On November 15th of last year, Ontario’s governing Progressive Conservative Party released a document called A Plan For the People: Ontario Economic Outlook and Review that outlined some of their early accomplishments and plans.
Tucked 54 pages into this document is a brief and vague reference to the government’s plans to review how Ontario compensates its injured workers. It reads, in part:
“The government is launching a review of the workers’compensation system to ensure it remains sustainable in the future. The review will assess whether risks are being appropriately considered while providing rate predictability for employers. It will also consider, as part of the review of Provincial agencies, whether the WSIB is operating efficiently and effectively, and whether the governance framework can fulfill its mandate.”
Given this government’s short but consistent record of quick and deep cuts to services – as well as the fact that the review doesn’t even mention injured workers – many people are concerned about what this process could entail, and requests for clarification have so far gone unheeded.
Yesterday, the Official Opposition’s WSIB Critic, Wayne Gates, issued an open letter to Labour Minister Laurie Scott demanding some answers about what this review will entail. Read some excerpts below:
As you know, workers’ compensation was set up in 1915 to replace the courts and provide speedy and humane justice for people injured or made sick by their jobs. However, today in Ontario injured workers continue to fight for the right to live with dignity after they have been injured on the job. Statistics from the WSIB indicate that 39% of people who successfully completed a WSIB training program remained unemployed but their benefits are cut the same as if they were working. Recent research coming out of Trent University found that 46% of injured workers with permanent disabilities were living below or near the poverty line.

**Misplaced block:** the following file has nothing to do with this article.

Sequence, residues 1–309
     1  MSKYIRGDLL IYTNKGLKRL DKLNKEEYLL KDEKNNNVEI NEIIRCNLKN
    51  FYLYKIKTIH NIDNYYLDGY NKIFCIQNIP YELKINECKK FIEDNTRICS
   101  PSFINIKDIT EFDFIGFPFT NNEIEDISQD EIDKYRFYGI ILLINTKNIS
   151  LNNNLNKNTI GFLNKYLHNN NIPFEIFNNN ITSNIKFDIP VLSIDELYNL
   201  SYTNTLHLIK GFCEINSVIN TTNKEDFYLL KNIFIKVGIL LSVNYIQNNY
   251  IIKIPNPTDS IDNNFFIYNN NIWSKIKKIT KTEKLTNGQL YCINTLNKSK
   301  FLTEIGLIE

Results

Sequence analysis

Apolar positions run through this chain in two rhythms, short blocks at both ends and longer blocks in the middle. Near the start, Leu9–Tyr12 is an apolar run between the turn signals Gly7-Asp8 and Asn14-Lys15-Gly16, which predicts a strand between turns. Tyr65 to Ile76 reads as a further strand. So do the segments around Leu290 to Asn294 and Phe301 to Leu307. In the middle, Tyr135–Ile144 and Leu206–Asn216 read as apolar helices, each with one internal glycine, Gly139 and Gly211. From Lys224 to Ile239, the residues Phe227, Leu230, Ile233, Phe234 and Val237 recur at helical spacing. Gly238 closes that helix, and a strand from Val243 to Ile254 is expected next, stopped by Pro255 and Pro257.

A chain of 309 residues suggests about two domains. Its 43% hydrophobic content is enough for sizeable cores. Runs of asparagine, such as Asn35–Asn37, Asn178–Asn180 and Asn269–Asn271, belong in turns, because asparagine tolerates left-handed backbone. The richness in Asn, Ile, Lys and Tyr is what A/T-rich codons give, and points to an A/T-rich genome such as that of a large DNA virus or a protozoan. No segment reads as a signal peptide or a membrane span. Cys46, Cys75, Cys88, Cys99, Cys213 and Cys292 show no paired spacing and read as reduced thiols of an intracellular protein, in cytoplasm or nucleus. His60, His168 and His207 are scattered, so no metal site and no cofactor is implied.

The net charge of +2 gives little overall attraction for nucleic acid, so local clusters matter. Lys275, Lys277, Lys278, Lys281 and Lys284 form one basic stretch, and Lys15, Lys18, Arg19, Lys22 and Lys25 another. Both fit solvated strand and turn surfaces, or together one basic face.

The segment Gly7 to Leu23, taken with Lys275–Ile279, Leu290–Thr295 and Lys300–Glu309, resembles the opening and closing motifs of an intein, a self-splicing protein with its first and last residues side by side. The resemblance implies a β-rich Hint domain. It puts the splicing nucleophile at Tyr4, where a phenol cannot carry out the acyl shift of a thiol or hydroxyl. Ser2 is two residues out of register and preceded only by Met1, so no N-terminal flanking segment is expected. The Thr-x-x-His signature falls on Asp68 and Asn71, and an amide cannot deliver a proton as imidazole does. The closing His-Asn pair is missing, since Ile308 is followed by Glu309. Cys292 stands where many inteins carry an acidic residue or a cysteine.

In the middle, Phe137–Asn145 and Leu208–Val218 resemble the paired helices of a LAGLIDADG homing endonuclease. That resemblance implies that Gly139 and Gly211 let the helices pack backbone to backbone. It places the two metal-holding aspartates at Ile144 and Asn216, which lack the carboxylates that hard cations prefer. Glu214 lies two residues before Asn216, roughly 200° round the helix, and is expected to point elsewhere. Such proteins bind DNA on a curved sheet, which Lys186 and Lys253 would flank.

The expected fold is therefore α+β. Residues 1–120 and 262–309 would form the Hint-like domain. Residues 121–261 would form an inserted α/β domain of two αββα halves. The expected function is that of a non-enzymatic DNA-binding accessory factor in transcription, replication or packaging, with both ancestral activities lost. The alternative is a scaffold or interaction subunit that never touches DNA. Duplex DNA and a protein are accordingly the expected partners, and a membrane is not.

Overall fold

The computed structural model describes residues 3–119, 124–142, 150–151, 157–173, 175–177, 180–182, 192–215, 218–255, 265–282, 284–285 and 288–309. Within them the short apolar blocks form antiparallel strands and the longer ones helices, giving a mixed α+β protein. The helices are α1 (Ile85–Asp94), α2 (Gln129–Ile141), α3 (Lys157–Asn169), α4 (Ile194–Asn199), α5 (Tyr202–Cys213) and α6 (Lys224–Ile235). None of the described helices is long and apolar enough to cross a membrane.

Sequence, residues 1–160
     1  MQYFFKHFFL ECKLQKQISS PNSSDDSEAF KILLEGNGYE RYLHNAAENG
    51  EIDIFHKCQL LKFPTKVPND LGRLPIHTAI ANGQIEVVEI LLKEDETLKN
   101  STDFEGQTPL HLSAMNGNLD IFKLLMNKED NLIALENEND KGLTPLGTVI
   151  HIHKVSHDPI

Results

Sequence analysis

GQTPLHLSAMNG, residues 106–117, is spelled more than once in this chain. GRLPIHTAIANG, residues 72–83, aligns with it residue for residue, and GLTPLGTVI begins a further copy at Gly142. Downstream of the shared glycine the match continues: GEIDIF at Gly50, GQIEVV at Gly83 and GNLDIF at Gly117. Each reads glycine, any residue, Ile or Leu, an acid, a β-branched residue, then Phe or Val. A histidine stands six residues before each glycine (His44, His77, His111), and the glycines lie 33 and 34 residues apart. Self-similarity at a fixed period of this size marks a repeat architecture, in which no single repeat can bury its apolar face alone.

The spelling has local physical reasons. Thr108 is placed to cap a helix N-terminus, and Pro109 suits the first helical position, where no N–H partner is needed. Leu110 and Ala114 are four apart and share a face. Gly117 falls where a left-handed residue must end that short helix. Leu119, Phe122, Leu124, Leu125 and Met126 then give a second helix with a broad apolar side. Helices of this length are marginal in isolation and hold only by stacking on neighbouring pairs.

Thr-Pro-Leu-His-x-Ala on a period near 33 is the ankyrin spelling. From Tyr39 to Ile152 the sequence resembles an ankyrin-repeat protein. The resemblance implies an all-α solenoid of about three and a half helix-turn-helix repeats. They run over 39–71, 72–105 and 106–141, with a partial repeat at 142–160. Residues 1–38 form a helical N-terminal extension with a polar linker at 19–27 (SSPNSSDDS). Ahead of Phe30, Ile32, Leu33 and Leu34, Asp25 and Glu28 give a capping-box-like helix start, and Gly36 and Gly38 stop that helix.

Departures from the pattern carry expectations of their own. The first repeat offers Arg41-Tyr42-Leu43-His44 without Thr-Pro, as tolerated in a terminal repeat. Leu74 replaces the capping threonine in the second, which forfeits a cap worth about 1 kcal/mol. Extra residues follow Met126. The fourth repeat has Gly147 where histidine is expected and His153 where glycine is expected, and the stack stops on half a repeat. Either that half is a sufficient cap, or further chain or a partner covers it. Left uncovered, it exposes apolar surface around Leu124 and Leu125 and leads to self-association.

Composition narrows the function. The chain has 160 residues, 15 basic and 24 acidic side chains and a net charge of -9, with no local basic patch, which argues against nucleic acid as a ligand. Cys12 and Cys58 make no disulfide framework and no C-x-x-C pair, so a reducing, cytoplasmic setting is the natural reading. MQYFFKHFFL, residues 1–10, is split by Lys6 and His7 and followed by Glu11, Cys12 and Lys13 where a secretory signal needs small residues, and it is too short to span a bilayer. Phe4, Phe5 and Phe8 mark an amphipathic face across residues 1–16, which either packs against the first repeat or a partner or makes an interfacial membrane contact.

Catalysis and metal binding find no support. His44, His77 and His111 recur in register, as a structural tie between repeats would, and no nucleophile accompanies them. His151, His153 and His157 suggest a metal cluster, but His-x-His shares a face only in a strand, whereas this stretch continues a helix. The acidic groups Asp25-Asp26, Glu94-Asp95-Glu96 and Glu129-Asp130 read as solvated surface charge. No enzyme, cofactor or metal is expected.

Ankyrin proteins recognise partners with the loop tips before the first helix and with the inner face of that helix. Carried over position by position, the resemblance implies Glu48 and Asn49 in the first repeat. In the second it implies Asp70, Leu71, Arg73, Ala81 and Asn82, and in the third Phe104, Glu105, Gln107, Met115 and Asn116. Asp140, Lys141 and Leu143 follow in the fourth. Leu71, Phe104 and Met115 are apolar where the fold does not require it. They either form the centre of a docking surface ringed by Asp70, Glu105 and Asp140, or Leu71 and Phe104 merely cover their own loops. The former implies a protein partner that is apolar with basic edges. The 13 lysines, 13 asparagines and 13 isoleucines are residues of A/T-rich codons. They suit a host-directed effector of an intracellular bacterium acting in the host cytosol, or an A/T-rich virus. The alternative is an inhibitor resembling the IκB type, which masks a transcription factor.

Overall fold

…The official statement only mentions employers and not injured workers. This review must be independent, transparent and accessible to the people the WSIB is meant to serve – the injured workers.
When the Ministry does its review to see if the WSIB is efficient and effective, will you make sure the WSIB is more efficient at actually helping injured workers to get real jobs – not phantom jobs – and more effective at compensating them for their lost wages?